Me, I hate that. I didn’t fork over $74.95 on a flick so I could draw my own conclusions at the end. I’m almost convinced that directors sometimes throw up their hands after they’re done writing a script and go, “F**k it, I don’t know how to end this sh*t, so I’ll just go with the ol’ leave-it-up-to-the-imagination bit.”

Finish the movie, Mr. Director. You tell me what to think – that’s what I’m paying you for.

But when it comes to the mysterious case of Glen Coffee and his decision to suddenly retire on Friday, I don’t need to be given the why. Why does it matter?

I get why people are interested: it was a shocking move. Most players would give their left ear to have a roster spot on a NFL team. Coffee wasn’t a starter, but he was a key backup on an up-and-coming team. He also showed enough promise last year to prove that he does have what it takes to sustain a career in a very fickle profession.

But obviously he wasn’t into football anymore. Whether he lost his passion at Alabama or lost it after getting pancaked by a linebacker at a recent 49ers’ practice, the key is that he did lose his passion. He didn’t want to play football anymore and that’s that.

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The curious case of Glen Coffee

SAN FRANCISCO - AUGUST 22: Glen Coffee #29 of the San Francisco 49ers runs against the Oakland Raiders during a preseason game on August 22, 2009 at Candlestick Park in San Francisco, California.  (Photo by Jed Jacobsohn/Getty Images)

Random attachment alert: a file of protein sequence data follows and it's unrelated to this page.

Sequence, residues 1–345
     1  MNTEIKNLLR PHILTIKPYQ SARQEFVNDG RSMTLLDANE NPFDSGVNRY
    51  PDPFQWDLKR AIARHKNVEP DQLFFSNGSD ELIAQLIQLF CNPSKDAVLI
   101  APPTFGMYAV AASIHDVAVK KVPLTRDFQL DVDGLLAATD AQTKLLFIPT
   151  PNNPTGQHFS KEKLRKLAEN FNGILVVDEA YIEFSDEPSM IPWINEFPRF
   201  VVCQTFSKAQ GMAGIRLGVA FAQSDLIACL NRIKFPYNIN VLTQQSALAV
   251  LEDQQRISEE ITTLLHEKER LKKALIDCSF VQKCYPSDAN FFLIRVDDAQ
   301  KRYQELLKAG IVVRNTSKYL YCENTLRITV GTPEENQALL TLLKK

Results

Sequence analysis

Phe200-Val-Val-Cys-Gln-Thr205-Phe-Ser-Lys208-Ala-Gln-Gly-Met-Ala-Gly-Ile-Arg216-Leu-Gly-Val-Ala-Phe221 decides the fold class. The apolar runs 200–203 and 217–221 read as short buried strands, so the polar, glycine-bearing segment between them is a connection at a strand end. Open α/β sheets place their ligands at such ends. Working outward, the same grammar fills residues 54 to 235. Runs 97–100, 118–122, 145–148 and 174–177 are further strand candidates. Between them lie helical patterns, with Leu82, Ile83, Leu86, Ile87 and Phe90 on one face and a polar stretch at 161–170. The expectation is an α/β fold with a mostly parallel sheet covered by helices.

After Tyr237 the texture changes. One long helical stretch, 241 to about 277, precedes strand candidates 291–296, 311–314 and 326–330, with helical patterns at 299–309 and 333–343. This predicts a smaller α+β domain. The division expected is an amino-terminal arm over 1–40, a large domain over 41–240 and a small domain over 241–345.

A little over a year ago, Glen Coffee put together an eye-catching performance in preseason and some pundits believed that he could emerge as a solid complement to Frank Gore in the 49ers’ backfield.

That, of course, was before Coffee unexpectedly announced his retirement on Friday.

The San Francisco Chronicle is reporting that Coffee is calling it quits despite this being just his second year in the league. He was battling with rookie Anthony Dixon in camp, but head coach Mike Singletary noted that Dixon still had a long ways to go to leapfrog Coffee on the depth chart. Plus, Singletary has given Coffee high marks thus far, making his decision to retire/quit even stranger.

Singletary has developed a reputation over the last couple of years for running a tough camp, but that can’t be the only reason Coffee decided to pull the plug on his career this soon. After all, he got through Singletary’s camp as a rookie last year just fine.

That said, you never know what a person is going through until you’ve walked a mile in his or her shoes. Maybe Coffee has lost the passion to play or maybe he’ll regret his decision in a day and return to the practice field. Many young players struggle with being away from their friends and family and maybe Coffee is just going through a rocky time right now. Relatively speaking, he’s still just a kid.

Whatever the reason, it’s certainly a surprising development. The 49ers are still in good shape at running back with Gore, Dixon and Michael Robinson, but that doesn’t mean make Coffee’s decision any less shocking.